it was the first day of summer -- the cards atop the division, playing a saturday afternoon game at wrigley on nat'l TV; little pleasures that make you feel much better than they prob'ly should. that was the day darryl kile died, three years ago; that was the year summer ended on the day it began.
no need to dwell on the moment; we all remember it well enough, can't forget it. but i also don't want to let this day pass without reflecting. and for me, what comes to mind today is not kile the cardinal but kile the exile -- kile the colorado rockie. his two years in denver (1998-99) serve as a case study in failure and humiliation. they are a sociology dissertation waiting to be written -- on the greedy heart that beats within every fan (yes, you too); on the vanity of our worship, the intersections of grace and disgrace that our games can produce.
if you think it's funny to hear such blather from a guy who's so sports-crazy that he spends two hours a day writing about it for free, i don't blame you. it is funny, ridiculous, absurd -- as much so as kile's 68 appearances in purple-pinstriped pajamas. the denver chapter of dk's career is one many cardinal fans don't know all that well; i happened to see it firsthand and will narrate it as briefly as possible, sugared with appreciation. for as i look back at kile's rockie road -- the way he stood up to his own downfall, to the disappointment he caused a whole city, to the mocking glee of the sports punditry -- i see in his actions and his example a simple idea, voiced wordlessly. it took his death for me to finally hear the message:
it is only a game.
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the first hilarious thing about kile's rockie road comes from the lips of dante bichette, who -- after kile joined the rockies as a free agent on december 4, 1997 -- proclaimed, "i've always believed that to win a world series, you have to be a complete team. this is the most complete team we've ever had." this from a player on a five-year-old team that had never won more than 83 games in a season -- world series talk, in all earnestness. let me pause while you finish guffawing. . . .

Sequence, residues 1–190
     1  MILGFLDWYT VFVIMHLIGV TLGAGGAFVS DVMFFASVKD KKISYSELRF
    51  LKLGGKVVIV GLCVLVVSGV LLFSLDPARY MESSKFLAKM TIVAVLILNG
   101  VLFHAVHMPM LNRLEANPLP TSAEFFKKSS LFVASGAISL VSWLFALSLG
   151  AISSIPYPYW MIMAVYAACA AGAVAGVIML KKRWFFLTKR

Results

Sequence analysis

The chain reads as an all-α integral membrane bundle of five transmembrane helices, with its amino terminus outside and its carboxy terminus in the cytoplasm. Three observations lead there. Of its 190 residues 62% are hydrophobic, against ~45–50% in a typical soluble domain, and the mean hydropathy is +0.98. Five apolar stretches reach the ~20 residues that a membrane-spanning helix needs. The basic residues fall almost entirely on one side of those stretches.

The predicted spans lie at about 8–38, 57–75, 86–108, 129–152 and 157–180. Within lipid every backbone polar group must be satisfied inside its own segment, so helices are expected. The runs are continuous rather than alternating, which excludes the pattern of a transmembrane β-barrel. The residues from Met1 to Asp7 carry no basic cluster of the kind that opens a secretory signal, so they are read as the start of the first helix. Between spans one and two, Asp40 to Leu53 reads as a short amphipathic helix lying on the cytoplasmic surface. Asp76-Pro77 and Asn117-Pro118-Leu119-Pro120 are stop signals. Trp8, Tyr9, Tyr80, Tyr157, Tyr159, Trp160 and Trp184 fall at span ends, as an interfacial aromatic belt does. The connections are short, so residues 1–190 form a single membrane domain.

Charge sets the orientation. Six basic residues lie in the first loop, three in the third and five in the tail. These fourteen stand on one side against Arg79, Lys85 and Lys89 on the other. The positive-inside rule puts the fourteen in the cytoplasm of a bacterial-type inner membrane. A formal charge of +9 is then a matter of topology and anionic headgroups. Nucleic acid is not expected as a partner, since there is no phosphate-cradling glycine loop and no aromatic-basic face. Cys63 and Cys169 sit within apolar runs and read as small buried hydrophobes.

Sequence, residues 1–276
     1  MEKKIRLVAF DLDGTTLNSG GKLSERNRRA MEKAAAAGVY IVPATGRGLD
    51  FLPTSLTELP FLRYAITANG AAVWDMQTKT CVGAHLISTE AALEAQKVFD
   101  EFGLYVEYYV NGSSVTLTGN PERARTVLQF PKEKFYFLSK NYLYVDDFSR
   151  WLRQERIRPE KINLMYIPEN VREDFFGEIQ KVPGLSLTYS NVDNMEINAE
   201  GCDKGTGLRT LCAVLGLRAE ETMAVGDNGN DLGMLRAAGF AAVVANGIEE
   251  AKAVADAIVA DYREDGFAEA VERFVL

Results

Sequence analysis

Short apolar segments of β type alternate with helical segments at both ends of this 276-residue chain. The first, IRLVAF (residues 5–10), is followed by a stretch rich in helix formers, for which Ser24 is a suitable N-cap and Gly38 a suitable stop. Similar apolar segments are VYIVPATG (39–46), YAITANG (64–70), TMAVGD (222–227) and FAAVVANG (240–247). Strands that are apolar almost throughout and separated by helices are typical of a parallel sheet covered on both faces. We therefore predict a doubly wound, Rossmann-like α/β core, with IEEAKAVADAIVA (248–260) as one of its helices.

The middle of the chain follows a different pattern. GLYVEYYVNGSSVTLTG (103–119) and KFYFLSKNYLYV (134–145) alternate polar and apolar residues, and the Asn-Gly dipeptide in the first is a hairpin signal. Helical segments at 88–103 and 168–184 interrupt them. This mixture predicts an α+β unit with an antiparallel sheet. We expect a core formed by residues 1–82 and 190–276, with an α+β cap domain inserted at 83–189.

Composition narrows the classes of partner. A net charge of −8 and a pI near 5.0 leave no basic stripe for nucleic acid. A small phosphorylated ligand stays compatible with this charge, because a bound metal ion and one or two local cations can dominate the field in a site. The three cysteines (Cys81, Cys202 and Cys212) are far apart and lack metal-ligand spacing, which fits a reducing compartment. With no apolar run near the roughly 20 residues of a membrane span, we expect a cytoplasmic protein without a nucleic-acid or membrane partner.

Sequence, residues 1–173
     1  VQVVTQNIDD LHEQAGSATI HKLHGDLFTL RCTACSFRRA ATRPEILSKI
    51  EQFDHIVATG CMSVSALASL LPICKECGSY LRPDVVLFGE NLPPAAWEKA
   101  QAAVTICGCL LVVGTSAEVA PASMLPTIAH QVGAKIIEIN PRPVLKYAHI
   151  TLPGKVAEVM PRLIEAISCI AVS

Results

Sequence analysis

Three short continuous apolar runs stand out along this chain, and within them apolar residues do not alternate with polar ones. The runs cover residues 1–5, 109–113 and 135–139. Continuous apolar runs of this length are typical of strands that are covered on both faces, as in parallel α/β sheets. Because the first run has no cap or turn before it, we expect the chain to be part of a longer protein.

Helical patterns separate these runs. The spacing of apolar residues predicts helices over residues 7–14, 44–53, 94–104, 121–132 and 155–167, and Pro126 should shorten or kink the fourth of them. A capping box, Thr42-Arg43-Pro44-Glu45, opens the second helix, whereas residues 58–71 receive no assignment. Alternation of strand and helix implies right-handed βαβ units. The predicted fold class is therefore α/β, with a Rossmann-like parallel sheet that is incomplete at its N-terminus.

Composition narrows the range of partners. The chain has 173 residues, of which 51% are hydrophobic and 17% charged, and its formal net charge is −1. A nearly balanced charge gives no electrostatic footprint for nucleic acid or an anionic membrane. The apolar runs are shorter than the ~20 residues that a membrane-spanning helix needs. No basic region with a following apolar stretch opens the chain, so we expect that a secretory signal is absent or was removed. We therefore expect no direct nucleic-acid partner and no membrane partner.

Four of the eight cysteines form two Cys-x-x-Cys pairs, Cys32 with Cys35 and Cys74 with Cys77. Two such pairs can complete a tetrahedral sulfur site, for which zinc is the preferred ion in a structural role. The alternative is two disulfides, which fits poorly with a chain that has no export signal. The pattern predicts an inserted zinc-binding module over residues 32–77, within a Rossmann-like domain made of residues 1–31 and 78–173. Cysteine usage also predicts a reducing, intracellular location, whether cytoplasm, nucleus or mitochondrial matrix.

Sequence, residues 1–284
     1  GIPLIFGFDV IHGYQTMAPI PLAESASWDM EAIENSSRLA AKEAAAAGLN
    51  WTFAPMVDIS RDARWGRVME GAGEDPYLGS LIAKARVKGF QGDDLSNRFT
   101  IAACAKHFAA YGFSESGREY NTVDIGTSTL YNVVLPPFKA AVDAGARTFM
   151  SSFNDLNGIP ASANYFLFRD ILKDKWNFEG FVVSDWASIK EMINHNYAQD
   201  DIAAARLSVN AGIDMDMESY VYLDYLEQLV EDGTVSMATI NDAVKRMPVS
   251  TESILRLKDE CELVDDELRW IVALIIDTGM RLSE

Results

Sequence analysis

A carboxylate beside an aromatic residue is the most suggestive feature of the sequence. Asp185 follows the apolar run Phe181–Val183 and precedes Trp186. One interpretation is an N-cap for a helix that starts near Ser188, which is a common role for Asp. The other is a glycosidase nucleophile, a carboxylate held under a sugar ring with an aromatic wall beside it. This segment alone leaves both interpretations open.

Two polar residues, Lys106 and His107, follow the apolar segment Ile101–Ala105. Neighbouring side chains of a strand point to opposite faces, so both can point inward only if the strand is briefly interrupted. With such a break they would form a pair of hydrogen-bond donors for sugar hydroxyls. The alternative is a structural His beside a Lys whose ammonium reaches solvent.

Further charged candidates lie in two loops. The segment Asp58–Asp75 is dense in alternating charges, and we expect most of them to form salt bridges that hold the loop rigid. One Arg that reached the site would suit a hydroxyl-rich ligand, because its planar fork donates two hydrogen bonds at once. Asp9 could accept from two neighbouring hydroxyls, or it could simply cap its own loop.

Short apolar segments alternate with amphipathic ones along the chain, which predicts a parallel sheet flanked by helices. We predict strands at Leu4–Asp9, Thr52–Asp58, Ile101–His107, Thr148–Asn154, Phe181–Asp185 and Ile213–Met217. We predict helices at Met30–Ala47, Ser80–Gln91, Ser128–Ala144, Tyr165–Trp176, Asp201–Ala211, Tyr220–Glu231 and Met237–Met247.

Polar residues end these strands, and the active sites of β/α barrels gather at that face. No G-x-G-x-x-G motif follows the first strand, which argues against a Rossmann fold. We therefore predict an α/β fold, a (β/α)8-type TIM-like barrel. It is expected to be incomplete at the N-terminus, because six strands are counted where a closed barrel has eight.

however delusional such notions may have been, the pressure driving them was palpable. in 1996 the colorado avalanche -- in their first year in denver (they relocated from quebec) -- won the stanley cup to give colorado its first-ever pro sports championship. a year later the beloved broncos, losers of four previous super bowls, finally won one and brought home the lombardi trophy. denverites started referring to their city, without irony, as "titletown" -- and the rockies' front office correctly perceived that the bar had been raised a mile high. a few years earlier, coloradans had been so happy to have major-league baseball that winning and losing hardly mattered. now it mattered a lot; nobody associated with losers in titletown.
the rockies had further upped the ante by winning the wild-card race in 1995, their third year of operation. it was at that time the most precocious postseason appearance of any expansion franchise, and the rockies were very proud of the achievement . . . . .until they realized that it prematurely ended the grace period most expansion teams enjoy. now the rockies' fans, like fans everywhere, expected immediate results -- this year, not a few seasons hence when the kids develop. it didn't help when the florida marlins, who entered the league along with the rockies in 1993, won the world series in 1997 and made colorado's shiny "wild-card" trophy seem like a pawn-shop trinket. florida's success made the rockies' owners all the more anxious to win; and by their impatience they cultivated impatience in their fans.
then again, maybe it's all just a denver thing, an inescapable part of the zeitgeist. from the very beginning this it has been a place of unrealistic ambitions, a city born of a gold rush and built upon fortunes made overnight. even now, as a modern metropolis with a diversified economy, it remains steeped in the romance of the boom and the bust -- if you're not one, then you must be the other. and whichever you are today, you'll likely be the other before long. darryl kile's boom came when he signed with the rockies for gold-baron sums -- $24 million over three years. but the contract came with "world series or bust" strings attached -- and that all but ensured the change in kile's fortunes.